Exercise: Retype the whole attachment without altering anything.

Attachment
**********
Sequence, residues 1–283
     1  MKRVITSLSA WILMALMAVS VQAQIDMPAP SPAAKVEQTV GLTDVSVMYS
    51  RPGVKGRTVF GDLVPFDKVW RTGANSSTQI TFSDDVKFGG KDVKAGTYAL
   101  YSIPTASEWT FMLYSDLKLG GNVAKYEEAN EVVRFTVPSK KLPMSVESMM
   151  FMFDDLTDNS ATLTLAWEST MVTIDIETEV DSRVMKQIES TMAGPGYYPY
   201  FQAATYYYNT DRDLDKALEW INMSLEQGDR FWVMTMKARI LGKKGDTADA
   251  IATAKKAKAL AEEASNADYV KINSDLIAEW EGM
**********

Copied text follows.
Sequence, residues 1–283
     1  MKRVITSLSA WILMALMAVS VQAQIDMPAP SPAAKVEQTV GLTDVSVMYS
    51  RPGVKGRTVF GDLVPFDKVW RTGANSSTQI TFSDDVKFGG KDVKAGTYAL
   101  YSIPTASEWT FMLYSDLKLG GNVAKYEEAN EVVRFTVPSK KLPMSVESMM
   151  FMFDDLTDNS ATLTLAWEST MVTIDIETEV DSRVMKQIES TMAGPGYYPY
   201  FQAATYYYNT DRDLDKALEW INMSLEQGDR FWVMTMKARI LGKKGDTADA
   251  IATAKKAKAL AEEASNADYV KINSDLIAEW EGM